Methadone has been around longer than Suboxone and usually involves going to a clinic every morning to receive a dose of methadone that will last until the following morning. Methadone is an opioid and can help a person avoid withdrawal symptoms while helping them with intense cravings for Fentanyl.
Suboxone is a partial opioid agonist that blocks opiate receptors in a person's brain. It also keeps withdrawal symptoms at bay while reducing a person's physical and psychological cravings.
Recovery from Fentanyl addiction doesn’t happen overnight. For many addicts, recovery is a lifelong endeavor if they want to stay sober and happy. 12-step and SMART recovery meetings are a very important part of the Fentanyl treatment puzzle.
In these meetings, addicts help one another stay sober by utilizing methods that have worked for decades. One of the great things about these meetings is that you can find them almost anywhere. There are also many online meetings using platforms such as Zoom and Skype.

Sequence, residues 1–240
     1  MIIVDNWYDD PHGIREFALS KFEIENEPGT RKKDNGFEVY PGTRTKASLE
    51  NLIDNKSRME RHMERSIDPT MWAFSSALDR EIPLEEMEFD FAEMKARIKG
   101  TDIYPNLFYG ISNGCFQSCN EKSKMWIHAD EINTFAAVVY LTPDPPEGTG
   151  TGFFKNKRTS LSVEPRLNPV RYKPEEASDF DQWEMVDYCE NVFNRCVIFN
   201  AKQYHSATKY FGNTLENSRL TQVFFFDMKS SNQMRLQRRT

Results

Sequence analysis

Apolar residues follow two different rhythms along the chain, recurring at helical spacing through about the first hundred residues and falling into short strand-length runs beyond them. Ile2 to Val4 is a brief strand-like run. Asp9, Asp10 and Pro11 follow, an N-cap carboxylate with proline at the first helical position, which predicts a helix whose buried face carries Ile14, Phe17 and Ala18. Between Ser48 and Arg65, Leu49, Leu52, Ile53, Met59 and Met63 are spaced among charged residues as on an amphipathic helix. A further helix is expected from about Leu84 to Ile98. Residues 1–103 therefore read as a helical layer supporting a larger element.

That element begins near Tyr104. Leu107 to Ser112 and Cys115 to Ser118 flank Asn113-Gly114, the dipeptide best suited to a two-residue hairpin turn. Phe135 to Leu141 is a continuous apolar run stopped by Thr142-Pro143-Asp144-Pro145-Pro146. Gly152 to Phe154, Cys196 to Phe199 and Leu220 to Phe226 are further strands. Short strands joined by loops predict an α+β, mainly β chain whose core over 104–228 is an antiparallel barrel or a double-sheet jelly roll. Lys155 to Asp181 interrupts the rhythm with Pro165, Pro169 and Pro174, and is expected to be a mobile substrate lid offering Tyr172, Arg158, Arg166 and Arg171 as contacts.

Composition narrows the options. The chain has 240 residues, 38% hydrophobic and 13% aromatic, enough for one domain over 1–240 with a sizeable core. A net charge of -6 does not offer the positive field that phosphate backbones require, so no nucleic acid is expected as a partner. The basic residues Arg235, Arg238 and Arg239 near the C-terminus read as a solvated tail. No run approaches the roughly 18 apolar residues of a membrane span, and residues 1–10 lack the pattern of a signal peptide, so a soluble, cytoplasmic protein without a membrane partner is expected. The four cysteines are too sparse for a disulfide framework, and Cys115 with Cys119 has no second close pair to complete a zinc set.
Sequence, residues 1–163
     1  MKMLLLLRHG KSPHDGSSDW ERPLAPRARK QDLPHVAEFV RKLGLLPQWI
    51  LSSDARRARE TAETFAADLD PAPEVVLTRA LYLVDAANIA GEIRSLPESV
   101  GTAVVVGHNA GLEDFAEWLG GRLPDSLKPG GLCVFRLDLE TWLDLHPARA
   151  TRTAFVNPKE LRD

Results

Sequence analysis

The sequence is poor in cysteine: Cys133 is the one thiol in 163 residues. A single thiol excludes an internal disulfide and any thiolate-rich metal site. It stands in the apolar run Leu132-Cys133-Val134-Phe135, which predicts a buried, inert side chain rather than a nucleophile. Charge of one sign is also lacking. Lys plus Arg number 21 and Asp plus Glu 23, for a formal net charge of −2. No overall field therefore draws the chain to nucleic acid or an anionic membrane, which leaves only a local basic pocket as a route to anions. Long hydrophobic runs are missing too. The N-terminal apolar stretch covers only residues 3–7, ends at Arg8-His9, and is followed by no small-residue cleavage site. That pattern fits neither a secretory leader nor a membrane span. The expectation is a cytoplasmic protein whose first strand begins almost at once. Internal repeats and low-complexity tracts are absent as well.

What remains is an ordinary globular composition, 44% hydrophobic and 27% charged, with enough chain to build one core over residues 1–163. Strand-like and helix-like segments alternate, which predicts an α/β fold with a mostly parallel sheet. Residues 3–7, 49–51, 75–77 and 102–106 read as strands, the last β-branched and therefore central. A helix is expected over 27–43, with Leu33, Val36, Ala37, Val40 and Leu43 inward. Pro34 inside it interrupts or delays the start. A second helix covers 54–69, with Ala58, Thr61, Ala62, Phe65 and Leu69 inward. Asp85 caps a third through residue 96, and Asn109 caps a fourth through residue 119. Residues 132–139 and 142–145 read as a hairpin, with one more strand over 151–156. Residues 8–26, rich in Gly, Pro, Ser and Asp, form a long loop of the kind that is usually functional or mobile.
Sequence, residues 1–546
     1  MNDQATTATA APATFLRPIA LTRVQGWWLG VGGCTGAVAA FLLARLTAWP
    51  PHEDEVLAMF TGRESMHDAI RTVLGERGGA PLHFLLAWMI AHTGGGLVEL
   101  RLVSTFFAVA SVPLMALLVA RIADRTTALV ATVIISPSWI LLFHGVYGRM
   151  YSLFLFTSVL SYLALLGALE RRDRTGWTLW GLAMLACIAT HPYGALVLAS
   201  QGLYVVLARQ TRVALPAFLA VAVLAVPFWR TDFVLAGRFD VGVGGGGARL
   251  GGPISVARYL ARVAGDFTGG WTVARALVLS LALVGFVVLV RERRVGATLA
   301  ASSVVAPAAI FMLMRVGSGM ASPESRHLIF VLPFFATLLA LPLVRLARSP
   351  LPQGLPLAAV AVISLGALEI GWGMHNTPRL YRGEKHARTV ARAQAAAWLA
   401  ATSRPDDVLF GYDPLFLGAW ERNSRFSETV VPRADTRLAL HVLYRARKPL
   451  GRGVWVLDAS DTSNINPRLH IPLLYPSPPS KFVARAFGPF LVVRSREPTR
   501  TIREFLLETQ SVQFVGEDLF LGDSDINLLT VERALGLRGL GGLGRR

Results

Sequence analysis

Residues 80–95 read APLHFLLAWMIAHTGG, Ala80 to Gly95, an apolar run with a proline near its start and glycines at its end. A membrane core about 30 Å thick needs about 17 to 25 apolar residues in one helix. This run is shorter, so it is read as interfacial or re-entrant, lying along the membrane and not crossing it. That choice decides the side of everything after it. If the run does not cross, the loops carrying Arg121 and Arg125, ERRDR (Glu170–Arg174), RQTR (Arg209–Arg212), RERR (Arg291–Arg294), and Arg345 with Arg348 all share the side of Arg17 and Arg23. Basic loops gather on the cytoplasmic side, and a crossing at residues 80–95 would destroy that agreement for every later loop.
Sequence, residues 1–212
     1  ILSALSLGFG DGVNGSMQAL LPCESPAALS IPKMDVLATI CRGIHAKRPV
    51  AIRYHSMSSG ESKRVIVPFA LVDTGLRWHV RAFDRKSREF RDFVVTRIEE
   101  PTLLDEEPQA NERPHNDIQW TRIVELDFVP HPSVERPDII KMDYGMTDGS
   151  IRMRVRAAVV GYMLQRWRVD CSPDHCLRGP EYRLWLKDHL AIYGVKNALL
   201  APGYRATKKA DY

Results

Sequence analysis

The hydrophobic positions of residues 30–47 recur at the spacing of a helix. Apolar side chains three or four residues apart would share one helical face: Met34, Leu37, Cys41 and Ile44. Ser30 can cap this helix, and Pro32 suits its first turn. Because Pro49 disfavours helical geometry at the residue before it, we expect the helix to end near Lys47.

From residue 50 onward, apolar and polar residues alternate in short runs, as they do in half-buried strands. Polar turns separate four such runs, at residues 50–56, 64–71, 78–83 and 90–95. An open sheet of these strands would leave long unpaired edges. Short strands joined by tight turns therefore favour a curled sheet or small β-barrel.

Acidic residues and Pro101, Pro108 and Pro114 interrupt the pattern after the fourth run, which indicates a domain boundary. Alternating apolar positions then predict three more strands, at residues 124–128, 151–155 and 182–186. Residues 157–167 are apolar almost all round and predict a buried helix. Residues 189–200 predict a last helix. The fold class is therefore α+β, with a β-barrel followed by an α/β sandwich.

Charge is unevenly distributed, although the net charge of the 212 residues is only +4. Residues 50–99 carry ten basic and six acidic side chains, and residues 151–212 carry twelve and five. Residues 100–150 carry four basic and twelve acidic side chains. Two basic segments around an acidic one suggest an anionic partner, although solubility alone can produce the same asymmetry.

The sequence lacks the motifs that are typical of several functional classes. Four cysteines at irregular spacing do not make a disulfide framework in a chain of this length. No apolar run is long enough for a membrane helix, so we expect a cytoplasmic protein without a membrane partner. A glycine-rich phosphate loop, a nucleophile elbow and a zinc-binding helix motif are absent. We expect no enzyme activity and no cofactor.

Fentanyl addiction is a potentially lethal condition. However, recovery is possible, and there are people who are more than ready to help you recover.
Looking for substance abuse treatment in Texas? At ASIC Recovery, our Intensive Outpatient Program (IOP) is dedicated to helping individuals develop healthier coping skills and build a supportive recovery network. Click to learn more.
Cristal Clark, LPC-S, is the Medical Reviewer for ASIC Recovery Services. She reviews all website content for quality and medical accuracy. She is a master’s level Licensed Professional Counselor Supervisor and graduated from Liberty University in 2011. She has worked in the behavioral and mental health field for over 12 years and has a passion for helping others. She has been clinical director and CEO of a 200 plus bed facility, PHP, and IOP, with experience managing a team of counselors, individual/group/and family therapy, and coordinating continuum of care. Cristal is trained in EMDR and certified in non-violent intervention. She is a member of American Counseling Association and American Association of Christian Counselors.